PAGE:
This morning the Lord taught me something about myself, or maybe He just shined light on what I already knew. He showed me how much I despise being made a fool of.I hate when my actions and decisions are questioned, even simple ones like…paint color. Through His word, He taught me that sometimes He values my “foolishness” over my “religion.”
At work I struggle because I am continually learning and constantly being contradicted. Even when these simple suggestions or teachable moments are minor, my self-esteem takes a hit. Moodiness sets in and I immediately become very hands off. Oh, you don’t like my paint color? You can take over the project. You want to go through my patient’s chart? How about you take over care.
To take it a step further, I think it puts boundaries on when and how I share my faith. If I feel that my views are unpopular in a certain setting I tend to just stay quiet at best, and at worst do my best to “fit in.”
“I’m not a regular Christian…I’m a cool Christian.”
I do think there is value in being relatable and not pushing or bullying someone into your beliefs, but in all that gray area I think there is a line.
When does being relatable turn into conforming to the world? When is staying quiet generating peace versus passive acceptance? When does my fear of appearing foolish make me spineless and robotic instead of free in Christ?
Reading through Mark 15 and 16 this morning I was struck by Jesus’ humility. In these chapters, everything about Jesus is questioned, mocked, and insulted. He was flogged and tortured but, dare I say, even worse than that, His integrity, intelligence and worth as a man was exposed and ridiculed.
Now if Jesus can go through this, I can swallow my pride enough to be teachable and patient when I have to explain myself. In even more seriousness, I can stand firm in my beliefs even when those around me disagree or put my intelligence into question because of them.
“Blessed is the one who perseveres under trial because having stood the test, that person will receive the crown of life that the Lord has promised to those who love Him.” James 1:12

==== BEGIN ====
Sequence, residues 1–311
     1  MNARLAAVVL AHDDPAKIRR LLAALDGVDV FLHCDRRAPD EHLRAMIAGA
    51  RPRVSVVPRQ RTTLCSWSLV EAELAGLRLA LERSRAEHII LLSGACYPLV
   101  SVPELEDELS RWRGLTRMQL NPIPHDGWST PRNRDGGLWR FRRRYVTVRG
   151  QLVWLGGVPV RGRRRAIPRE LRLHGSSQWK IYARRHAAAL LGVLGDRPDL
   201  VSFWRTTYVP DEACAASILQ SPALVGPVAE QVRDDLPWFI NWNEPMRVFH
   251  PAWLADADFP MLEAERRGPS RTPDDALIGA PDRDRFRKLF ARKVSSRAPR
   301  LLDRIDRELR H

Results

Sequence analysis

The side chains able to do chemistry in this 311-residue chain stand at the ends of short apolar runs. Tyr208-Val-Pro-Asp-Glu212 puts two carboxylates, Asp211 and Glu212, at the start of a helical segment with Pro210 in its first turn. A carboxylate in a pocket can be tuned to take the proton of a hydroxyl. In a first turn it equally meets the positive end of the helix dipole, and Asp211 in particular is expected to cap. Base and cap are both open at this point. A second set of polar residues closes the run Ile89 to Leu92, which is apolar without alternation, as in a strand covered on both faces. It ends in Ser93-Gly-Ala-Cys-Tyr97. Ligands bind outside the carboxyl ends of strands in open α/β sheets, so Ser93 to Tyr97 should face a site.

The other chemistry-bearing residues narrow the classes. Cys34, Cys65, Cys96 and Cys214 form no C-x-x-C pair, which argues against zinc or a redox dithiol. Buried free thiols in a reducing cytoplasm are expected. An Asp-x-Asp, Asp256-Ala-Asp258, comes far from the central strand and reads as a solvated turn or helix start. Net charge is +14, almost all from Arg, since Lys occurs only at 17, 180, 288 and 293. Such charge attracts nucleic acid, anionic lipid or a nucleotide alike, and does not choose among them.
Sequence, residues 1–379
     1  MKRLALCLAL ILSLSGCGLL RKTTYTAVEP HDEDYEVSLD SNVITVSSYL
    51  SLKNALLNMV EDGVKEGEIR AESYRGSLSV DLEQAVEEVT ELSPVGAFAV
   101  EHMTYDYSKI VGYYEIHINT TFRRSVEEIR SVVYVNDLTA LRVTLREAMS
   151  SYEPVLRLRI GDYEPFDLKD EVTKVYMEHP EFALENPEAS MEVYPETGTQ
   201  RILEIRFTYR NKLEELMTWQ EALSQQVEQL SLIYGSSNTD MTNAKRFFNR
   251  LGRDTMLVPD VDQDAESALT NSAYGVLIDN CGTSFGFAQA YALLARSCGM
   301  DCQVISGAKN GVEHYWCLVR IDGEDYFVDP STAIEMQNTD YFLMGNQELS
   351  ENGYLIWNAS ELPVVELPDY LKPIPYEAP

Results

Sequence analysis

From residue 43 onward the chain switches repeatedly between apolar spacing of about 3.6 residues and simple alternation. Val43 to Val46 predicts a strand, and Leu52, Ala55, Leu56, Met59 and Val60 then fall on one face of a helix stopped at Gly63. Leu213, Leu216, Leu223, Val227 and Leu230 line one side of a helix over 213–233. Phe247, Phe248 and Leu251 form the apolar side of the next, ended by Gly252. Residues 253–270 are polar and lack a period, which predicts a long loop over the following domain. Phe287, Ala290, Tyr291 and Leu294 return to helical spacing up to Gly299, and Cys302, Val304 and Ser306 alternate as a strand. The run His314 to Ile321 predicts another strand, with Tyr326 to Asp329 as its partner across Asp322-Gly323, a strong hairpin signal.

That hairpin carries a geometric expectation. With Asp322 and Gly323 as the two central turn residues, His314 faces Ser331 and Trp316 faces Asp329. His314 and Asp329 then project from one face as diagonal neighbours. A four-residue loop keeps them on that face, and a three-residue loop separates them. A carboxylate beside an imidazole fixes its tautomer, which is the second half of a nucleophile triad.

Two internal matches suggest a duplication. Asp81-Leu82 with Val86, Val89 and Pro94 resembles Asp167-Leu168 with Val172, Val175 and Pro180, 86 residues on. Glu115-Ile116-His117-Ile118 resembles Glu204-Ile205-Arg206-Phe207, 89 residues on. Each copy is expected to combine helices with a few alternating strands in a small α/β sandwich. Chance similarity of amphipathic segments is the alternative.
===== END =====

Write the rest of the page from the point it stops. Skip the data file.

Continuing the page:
It is important for us to continue to represent the Father, and to control our words and actions. Even when it means looking foolish to the world, it means everything for building our faith. Fitting in will never be as important as showing love to the Lord through obedience.
“Those who consider themselves religious and yet do not keep a tight rein on their tongues deceive themselves, and their religion is worthless.” James 1:26
So, how do we deal with this insecurity? As I went through James 1, I found a few applications:
- Persevere: persevere through the trial God promises that He will finish His work in us, producing maturity and wholeness, and giving us a crown of life. (James 1: 4, James 1:12)
- Ask God for Wisdom: God places no fault on those who ask for guidance, and He even promises to give you wisdom when you ask for it. (James 1:5)
- Control Your Temper: God wants us to be good listeners and self-controlled speakers. He values those who do not put their foot in their mouths. Our anger does not produce His righteousness. That is His job, we are to be humble and self-controlled. (James 1:19-22)
- Be Obedient to the Word: Don’t just say you follow Christ, follow Him! Don’t just read your Bible, obey his commandments! I struggle here, but obedience is how we combat worthless religion. (James 1:22-25)
“Do not deceive yourselves. If any of you think you are wise by the standards of this age, you should become “fools” so that you will become wise.” 1 Corinthians 3:18
Are there moments when you value the opinion of others more than obedience? Do you also fear appearing foolish to those around you? What are some ways you combat these feelings?